What remains is to consider the case of Synaspismos or rather the Synaspismoses (coalition), given that this party has succeeded in drawing in its wake a part of the radical left. Initially, the Synaspismos of 1989 united the Stalinist and critical left against PASOK scoring 13% of the vote (the founding act of Synaspismos was a government with the right to kick PASOK out of power. This still has an impact since none of the two wings of this government has drawn any serious balance sheet!). After 1990 (10.2%), there was a split between the KKE and the critical left, heir of the Eurocommunism of the 1970s. After winning 2.9% in 1993, then 5.1% in 1996, it scored 3.2% in 2000 and 3.26% this year. The end result this year was the formation of an electoral regroupment, with its proclaimed objective being to open perspectives on the left. It is self-evident that this process, even if it was contemptuously rejected by the sectarian groups, has interested OKDE-Spartakos, Greek section of the Fourth International. Even if we are far from sharing the uncritical vision of the leftwards evolution of Synaspismos of our friend and comrade Georges Mitralias, the possibility of an electoral regroupment, even with a reformist force like the rest of Synaspismos, could be a significant moment forward for the radical left. That depends on the conditions but what appeared to be the case and what has been subsequently confirmed is that the weight of the radical left was insufficient to change either the logic of the apparatuses whose main concern was parliamentary survival or the traditional perception of Synaspismos.

The Synaspismos apparatus has kept control over this operation from the beginning. This began with the name of the regroupment; the Coalition of Left and Progress became the Coalition of the Radical Left, though for everybody it remained Synaspismos, even if its acronym became SYRIZA. Moreover, the media focus remained centred on the reformist leader Nikos Konstantopoulos, and it was impossible for the workers and youth to know that the list included radical forces. Such conditions led KOE, one of the two revolutionary groups involved, to leave the regroupment, while still giving it critical support, while veteran militant Manolis Glezos was critical of the attitudes of hegemonism of some elements. But the most serious question is the dominant discourse of the regroupment; whereas an appeal to mobilization around anti-capitalist demands might have been expected, the anti-neoliberal tone remained very vague with the accent on condemnation of bipartyism and governability. The result of all this was not the 5% minimum which might have been expected, but a struggle to reach the 3% necessary for the electoral survival of the parliamentary group. It seems that half of the 240,000 Synaspismos voters (up by 21,000 in relation to 2000) are new (the former half having gone to the right or to PASOK) and came from PASOK, or the radical and even anarchist left! If such was the case, it is a positive point, even if the electoral rallies do not seem to have attracted the crowds (in Athens, it was of the same order as in 2000). On the contrary, the geography of the votes shows worrying limitations. The strongest progress (between + 0.50% and 1.3%) was in Athens (6.3%, a gain of 0.5%, concentrated in areas populated by students and tertiary workers), Phocide and in Messenia, a right wing region. However, SYRIZA lost votes in the big working class suburb of Piraeus, which remains the most significant working class concentration in Greece (4%, a loss of 0.5%). Beyond that, none of the six deputies chosen by the electors of SYRIZA belongs to the radical current. Given the paucity of this revolt, it would perhaps have been worth the trouble to fight a prior battle for a regroupment of revolutionaries, which would have been able then to discuss an alliance with Synaspismos to form a radical left bloc. To the best of its abilities, OKDE tried to do this, although in Greece it is still the case that this is less easy than top-level discussions with Synaspismos!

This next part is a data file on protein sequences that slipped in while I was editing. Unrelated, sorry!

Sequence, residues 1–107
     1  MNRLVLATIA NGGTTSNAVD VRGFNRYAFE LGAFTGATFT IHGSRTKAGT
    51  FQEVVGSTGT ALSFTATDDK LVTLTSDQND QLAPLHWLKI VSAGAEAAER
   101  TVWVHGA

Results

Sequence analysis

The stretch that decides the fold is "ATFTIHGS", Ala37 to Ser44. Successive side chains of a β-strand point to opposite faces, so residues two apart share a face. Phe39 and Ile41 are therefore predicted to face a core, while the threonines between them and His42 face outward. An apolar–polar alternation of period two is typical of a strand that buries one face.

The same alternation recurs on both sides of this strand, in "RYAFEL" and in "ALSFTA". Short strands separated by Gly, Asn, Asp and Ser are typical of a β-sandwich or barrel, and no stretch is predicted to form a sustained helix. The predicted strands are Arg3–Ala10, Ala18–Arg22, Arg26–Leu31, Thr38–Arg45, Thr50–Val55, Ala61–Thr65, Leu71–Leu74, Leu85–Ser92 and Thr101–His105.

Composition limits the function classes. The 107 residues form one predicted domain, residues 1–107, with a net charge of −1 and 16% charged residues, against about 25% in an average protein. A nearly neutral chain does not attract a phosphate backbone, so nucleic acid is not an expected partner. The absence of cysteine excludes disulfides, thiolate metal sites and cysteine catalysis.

Drawing a balance sheet with the forces of SYRIZA is all the more necessary in that we work with them inside the Greek Social Forum and it is important to revive a structure which has been unhappily put to sleep in a period where it could have played a significant role and grown. Hard battles are ahead, against privatization, the many concessions being made to the bosses, for social security and pensions, without forgetting the context of the Olympic Games (work accidents, strengthening of the police). We need to battle for unity in action of the left (taking into account PASOK activists) and the unions (with perhaps a battle for the preservation of trade union unity, faced with the risk of a split by the KKE in the GSEE). If the Greek Social Forum is to serve as pole for proposals for unitary action, it should not be instrumentalized nor replace the development of the debate which has begun on the formation of an anti-capitalist left, a debate which will only advance insofar as it includes henceforth the greatest number of revolutionary forces, with the perspectives of an action programme. The European elections could be the occasion to prepare, finally, a radical pole, in the light of the experience of the parliamentary elections.